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Saturday, May 8, 2021

Vegan-Themed Jewellery: Sustainability & Ethics Behind Making Jewellery

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There’s a lot more to vegan jewellery than just being free from animal products, part of which is sourcing and climate impact.

Other than having jewellery free from any animal products, which is also cruelty-free, there are so many more reasons why jewellery is vegan. It involves how the parts are sourced, and what the environmental effects are.

Jewellery and Sustainability

Sourcing animal-derived materials such as silk, beeswax and leather does have an impact on the environment, owing to the chemicals used and the large amounts of land and water being sacrificed.

A prevalent material for jewellery is goal, which, when not mined sustainably or ethically, is known as dirty gold. Dirty gold mining is known for destroying landscapes and ecosystems, contaminating water supplies and releasing toxic substances like cyanide and mercury into the environment, all to obtain the material.

However, the term ‘dirty gold’ refers to the primary source of production (straight from the ground). But the UK rarely uses primarily-sourced gold when making accessories. Instead, over 80% of its gold is recycled, i.e. from secondary sources. And there are companies like The World Gold Council that track and ensure the mining and end processes are sustainable and adhere to the ethics.

Jewellery and Ethics

There’s also a big question about whether the materials received were made ethically. In the 1990s, diamonds were illegally exploited in parts of Africa to fund rebel militias in wars, and have been a problem in Angola, Sierra Leone, the Democratic Republic of Congo, Liberia and Guinea. These diamonds are called conflict or blood diamonds.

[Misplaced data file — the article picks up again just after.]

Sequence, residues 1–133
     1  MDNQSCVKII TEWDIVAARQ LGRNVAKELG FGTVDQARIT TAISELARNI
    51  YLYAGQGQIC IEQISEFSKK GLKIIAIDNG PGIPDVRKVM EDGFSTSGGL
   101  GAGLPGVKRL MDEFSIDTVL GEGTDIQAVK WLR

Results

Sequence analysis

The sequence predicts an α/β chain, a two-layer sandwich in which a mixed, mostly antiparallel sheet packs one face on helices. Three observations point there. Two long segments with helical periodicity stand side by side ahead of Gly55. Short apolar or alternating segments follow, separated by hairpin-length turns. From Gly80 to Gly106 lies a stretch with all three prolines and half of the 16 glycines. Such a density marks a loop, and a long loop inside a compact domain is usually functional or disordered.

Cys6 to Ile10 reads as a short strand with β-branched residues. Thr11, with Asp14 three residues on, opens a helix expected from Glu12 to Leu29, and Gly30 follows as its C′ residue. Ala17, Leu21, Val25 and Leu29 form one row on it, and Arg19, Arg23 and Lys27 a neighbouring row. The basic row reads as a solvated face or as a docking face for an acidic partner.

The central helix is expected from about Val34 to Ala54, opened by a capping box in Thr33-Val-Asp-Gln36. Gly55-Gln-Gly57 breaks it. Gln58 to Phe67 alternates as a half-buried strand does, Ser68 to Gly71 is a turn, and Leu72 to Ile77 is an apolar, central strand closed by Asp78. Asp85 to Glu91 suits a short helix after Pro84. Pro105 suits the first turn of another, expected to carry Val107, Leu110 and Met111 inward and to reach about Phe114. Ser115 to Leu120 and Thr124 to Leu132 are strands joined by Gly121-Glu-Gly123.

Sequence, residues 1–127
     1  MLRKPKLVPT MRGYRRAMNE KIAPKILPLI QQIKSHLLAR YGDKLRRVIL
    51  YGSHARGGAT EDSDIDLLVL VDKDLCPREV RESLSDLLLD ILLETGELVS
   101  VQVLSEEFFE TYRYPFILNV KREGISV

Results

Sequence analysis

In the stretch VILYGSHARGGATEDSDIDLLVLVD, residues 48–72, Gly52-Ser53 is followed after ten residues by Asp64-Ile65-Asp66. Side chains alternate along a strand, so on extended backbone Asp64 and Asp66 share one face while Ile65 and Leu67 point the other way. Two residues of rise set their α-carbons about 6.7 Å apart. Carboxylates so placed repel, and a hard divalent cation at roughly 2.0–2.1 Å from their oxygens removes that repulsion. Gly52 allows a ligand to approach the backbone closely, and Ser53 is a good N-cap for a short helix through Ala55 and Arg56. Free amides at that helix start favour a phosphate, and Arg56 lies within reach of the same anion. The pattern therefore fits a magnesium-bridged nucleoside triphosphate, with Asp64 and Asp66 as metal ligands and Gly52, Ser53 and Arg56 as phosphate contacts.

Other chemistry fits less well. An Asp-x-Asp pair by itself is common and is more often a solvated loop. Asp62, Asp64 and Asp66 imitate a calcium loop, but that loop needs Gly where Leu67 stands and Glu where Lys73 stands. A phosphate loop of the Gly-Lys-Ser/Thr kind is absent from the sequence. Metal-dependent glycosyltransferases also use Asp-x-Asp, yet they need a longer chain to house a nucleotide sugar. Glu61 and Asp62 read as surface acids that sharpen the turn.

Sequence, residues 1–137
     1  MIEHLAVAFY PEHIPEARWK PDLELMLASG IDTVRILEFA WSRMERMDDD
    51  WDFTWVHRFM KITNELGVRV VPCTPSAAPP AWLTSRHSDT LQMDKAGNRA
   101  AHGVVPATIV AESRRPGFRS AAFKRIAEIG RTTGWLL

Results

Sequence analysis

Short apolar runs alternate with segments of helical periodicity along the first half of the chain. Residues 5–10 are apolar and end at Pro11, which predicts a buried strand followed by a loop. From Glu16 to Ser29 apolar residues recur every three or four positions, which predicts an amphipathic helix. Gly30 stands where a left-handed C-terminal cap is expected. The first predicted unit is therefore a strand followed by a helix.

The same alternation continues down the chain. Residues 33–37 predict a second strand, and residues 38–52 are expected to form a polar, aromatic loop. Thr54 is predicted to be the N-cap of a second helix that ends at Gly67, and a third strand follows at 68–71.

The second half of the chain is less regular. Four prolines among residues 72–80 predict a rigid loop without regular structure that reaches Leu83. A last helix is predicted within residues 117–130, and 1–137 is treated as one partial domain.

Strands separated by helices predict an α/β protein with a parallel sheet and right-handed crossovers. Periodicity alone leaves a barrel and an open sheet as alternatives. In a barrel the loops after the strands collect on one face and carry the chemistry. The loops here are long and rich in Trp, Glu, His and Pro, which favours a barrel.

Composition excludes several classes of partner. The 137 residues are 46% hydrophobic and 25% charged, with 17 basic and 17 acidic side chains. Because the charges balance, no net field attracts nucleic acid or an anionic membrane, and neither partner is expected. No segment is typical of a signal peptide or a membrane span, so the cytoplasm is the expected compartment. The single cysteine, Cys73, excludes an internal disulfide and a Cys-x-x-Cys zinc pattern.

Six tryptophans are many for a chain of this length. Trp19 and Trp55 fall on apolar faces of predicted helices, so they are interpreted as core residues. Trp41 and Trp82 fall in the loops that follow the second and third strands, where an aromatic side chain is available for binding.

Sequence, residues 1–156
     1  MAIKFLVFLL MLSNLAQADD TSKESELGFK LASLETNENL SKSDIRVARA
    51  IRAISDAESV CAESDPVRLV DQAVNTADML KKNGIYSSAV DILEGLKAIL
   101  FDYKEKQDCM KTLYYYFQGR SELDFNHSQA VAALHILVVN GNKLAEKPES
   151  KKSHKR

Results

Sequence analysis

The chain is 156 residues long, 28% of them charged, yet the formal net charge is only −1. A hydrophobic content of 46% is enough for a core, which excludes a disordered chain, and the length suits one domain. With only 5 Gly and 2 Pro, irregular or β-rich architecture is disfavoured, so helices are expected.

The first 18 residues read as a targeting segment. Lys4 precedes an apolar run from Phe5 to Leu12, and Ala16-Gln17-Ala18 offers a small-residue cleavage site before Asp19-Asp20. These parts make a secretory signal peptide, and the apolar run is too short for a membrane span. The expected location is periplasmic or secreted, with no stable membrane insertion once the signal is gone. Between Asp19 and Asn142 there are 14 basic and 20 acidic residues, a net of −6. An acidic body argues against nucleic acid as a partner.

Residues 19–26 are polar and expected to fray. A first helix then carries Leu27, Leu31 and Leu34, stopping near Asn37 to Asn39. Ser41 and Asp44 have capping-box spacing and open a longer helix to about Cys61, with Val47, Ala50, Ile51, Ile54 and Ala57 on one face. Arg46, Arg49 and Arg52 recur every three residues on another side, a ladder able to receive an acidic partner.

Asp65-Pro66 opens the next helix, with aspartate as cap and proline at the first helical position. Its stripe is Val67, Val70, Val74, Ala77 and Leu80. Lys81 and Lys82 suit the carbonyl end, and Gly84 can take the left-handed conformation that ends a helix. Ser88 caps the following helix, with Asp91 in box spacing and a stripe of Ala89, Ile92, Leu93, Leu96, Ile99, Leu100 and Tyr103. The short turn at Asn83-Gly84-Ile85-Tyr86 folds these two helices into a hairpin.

Fortunately, after the introduction of the Kimberley Process Certification Scheme in 2003, which is backed by governments, the United Nations, and some NGOs, conflict diamonds have now rarely entered the mainstream diamond market due to its preventative measures. The scheme ensures that the stone has come from legitimate sources and not from conflict, and only ‘rough’ diamonds —  sourced from the ground and yet to be cut and polished — are in the supply chain.  

Many jewellers do prefer to buy their jewels from Western countries where labour laws are maintained. But as they have a higher environmental cost, many buy from countries where the loss is lower.

Ethical stones also apply to gemstones like amethyst, ruby and emerald, which are sourced from places that have fairtrade principles, like Africa. This improves the way they treat the environment, labour practices, and health and safety measures. Not only are the jewels made ethically, but the trade will also provide for those relying on artisanal mining and gemstone production, like small businesses and charities.

Vegan-themed jewellery

As a way to show support for veganism, animals and the environment, there has been a rise in vegan-themed jewellery. These pieces of jewellery are not only made using cruelty-free, ethical and sustainable measures, but they also show a symbol of things related to veganism.

Fruits & Vegetables

Despite the perception that vegans only eat fruits and vegetables, you can always show your appreciation for plant-based food by wearing a pendant or earrings of your favourite fruit or vegetable.

Plants

One of the many reasons one chooses to go vegan is because of environmental concerns, so showing your interest and love for the environment by wearing a pair of leaf earrings or a tree pendant could be a subtle way of displaying it.

Vegan Quotes 

There are so many pendants that have the iconic ‘V Is for Vegan’ symbol with a leaf. But some accessories have the words ‘vegan’, ‘peace’, and ‘love’, as well as quotes related to the planet and animal welfare. This provides a bold statement about the movement and one’s stance on veganism.

Animals

If you cannot wear anything made from an animal, you could show your support for them by wearing animal pendant (or related) jewellery. Companies like La Menagerie donate 5% of their proceeds to the World Wide Fund for Nature when you buy their animal pendant necklaces.

Anam Alam
Anam is a freelance writer for The Vegan Review and a student studying journalism. She is a passionate writer who possesses a range of skills ranging from audio, video, editorial and creative writing. Her goal is to educate the public and the world with stories that she feels need to be talked more about in society.

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